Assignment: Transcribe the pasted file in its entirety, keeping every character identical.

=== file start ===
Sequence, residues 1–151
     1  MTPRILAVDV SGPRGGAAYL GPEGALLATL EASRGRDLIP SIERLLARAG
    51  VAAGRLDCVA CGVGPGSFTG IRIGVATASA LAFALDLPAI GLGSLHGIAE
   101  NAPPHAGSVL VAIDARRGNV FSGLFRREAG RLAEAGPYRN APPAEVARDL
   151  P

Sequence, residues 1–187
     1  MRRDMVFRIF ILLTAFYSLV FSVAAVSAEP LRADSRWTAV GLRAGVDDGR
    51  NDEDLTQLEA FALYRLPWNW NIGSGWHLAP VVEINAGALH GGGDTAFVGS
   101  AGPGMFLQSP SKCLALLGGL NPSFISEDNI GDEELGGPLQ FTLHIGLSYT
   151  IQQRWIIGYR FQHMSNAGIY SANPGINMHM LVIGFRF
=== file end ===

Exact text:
Sequence, residues 1–151
     1  MTPRILAVDV SGPRGGAAYL GPEGALLATL EASRGRDLIP SIERLLARAG
    51  VAAGRLDCVA CGVGPGSFTG IRIGVATASA LAFALDLPAI GLGSLHGIAE
   101  NAPPHAGSVL VAIDARRGNV FSGLFRREAG RLAEAGPYRN APPAEVARDL
   151  P

Sequence, residues 1–187
     1  MRRDMVFRIF ILLTAFYSLV FSVAAVSAEP LRADSRWTAV GLRAGVDDGR
    51  NDEDLTQLEA FALYRLPWNW NIGSGWHLAP VVEINAGALH GGGDTAFVGS
   101  AGPGMFLQSP SKCLALLGGL NPSFISEDNI GDEELGGPLQ FTLHIGLSYT
   151  IQQRWIIGYR FQHMSNAGIY SANPGINMHM LVIGFRF